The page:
• I think it probably does, Ella. Then, on the other hand, I think I like different doors depending on whether I’m on the outside trying to imagine what it looks like within, or whether I’m on the inside, wishing to maintain my privacy to go about as I want within!

      What would be perfect is glass that’s shielded from direct outside view. Perhaps not a practical solution in Venice, except for a hotel.

  5. I am a huge door lover so was thrilled to find this post. Just when you think you are alone… When I first started painting water colours I painted a lot of buildings, churches, mosques, houses all with beautiful doors but with no door handles 🙂 I wondered what that meant until I read the beginning of your post and now it all makes sense. Great colours btw. , Lesley

    • My dear, I’ve just come across your response to my ‘doors’ post in my spam can – what cheek!

      I’m so glad you know what I meant – many people don’t feel that way at all about them! So glad you dropped by.

    • That’s nice of you Anne. As you can see, I have a bit of a thing about them, and was trying to put a pretty comprehensive selection together – until I saw Madhu’s post on the subject, and then I thought, na, what I need to do is stick to one place – and if it’s not Sri Lanka I always come back to, it must be Venice …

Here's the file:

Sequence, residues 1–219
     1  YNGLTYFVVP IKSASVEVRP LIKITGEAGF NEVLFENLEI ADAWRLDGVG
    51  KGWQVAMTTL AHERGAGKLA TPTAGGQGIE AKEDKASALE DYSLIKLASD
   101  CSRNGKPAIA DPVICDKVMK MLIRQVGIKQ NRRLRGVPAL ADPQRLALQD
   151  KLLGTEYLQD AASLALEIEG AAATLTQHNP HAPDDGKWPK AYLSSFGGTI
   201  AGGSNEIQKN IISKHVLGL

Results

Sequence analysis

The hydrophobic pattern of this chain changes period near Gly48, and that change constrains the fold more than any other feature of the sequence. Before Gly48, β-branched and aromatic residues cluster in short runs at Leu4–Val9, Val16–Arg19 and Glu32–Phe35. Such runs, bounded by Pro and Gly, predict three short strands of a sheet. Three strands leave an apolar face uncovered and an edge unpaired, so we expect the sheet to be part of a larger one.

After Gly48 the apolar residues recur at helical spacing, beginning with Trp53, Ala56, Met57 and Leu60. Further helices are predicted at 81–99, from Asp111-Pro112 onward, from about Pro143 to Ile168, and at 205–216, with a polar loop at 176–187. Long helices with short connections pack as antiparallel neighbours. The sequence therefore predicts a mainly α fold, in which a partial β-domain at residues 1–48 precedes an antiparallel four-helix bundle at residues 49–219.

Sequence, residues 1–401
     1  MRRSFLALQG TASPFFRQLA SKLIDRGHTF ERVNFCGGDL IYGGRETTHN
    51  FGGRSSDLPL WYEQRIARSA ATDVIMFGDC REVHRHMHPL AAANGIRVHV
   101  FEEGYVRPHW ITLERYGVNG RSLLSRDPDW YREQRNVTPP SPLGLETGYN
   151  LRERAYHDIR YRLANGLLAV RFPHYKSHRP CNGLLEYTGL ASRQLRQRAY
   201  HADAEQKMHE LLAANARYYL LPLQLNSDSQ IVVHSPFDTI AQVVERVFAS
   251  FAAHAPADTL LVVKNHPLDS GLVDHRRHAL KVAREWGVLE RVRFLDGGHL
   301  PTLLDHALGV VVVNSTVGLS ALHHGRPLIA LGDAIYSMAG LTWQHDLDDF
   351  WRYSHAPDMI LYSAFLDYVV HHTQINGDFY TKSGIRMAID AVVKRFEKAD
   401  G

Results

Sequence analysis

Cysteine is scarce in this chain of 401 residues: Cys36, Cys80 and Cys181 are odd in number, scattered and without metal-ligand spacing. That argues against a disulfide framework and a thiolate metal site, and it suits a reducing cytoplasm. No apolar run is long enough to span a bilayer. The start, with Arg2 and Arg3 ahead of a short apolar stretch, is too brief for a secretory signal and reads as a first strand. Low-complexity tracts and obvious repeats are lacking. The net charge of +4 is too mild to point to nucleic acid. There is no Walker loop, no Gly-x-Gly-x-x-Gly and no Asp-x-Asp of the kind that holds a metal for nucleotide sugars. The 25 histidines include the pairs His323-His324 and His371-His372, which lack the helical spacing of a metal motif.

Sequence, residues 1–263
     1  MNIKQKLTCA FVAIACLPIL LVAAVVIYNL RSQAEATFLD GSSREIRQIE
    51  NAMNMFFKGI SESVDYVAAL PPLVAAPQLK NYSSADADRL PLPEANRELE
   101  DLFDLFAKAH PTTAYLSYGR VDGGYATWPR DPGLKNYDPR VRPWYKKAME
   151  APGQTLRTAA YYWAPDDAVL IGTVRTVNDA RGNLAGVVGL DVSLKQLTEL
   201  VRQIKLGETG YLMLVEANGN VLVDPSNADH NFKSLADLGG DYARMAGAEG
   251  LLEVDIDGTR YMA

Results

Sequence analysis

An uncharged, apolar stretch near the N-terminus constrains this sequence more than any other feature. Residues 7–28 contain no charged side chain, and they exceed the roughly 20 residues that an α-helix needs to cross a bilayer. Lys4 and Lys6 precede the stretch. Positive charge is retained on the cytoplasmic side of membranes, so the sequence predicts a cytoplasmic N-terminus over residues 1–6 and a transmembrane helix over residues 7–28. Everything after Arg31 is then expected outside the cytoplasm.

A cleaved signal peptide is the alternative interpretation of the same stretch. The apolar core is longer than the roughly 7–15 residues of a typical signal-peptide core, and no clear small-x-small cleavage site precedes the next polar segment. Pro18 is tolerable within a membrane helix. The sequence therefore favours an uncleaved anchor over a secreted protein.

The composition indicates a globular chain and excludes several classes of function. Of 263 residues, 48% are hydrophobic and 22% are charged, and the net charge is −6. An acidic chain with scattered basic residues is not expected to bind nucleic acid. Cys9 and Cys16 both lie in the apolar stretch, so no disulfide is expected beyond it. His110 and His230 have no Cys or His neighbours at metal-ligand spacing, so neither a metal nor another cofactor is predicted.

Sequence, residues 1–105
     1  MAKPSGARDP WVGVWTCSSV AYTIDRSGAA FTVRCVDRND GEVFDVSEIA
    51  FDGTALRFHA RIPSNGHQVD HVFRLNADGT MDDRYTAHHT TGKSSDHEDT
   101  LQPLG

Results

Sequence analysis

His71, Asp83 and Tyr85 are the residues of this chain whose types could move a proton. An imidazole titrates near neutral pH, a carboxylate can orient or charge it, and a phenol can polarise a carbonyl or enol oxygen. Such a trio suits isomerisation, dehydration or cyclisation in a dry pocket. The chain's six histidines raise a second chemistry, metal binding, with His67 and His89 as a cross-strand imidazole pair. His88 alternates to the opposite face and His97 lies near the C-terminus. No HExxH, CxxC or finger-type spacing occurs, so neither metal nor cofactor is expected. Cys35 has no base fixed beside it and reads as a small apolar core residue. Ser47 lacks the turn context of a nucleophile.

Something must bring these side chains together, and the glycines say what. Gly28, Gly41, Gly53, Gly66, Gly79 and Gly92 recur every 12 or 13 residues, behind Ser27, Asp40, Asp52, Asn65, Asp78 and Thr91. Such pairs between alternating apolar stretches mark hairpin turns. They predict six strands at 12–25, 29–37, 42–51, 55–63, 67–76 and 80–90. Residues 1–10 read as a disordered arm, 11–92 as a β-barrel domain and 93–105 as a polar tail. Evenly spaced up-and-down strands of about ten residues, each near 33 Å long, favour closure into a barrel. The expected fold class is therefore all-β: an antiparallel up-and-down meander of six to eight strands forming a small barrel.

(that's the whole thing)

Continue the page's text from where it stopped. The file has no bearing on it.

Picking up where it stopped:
• Blogging seems to be the place to bare one’s soul … secrets of all sorts just seem to slip out into the ether via the most innocuous of prompts. Who needs lists of Things About Me, or even the ABC of Me – just post a photo challenge, and someone will tell a secret about themselves:) Who’d have thought it, ‘doors’?

      How sweet you are!

    • Hey, thanks for the thumbs up Paula!

      Yea, there are quite a few – and growing. Having said that, I think there are more writing challenges, so I guess there’s room for them all, it’s just a matter of choosing which suit your schedule, or interests, or whatever!

  6. WOW – I love your doors! In fact, when we lived in Afghanistan, we had a carved wooden door made into our dining table with a glass top! It fits 20 people around – so we always have a crowd over for dinner! 😀 Sharon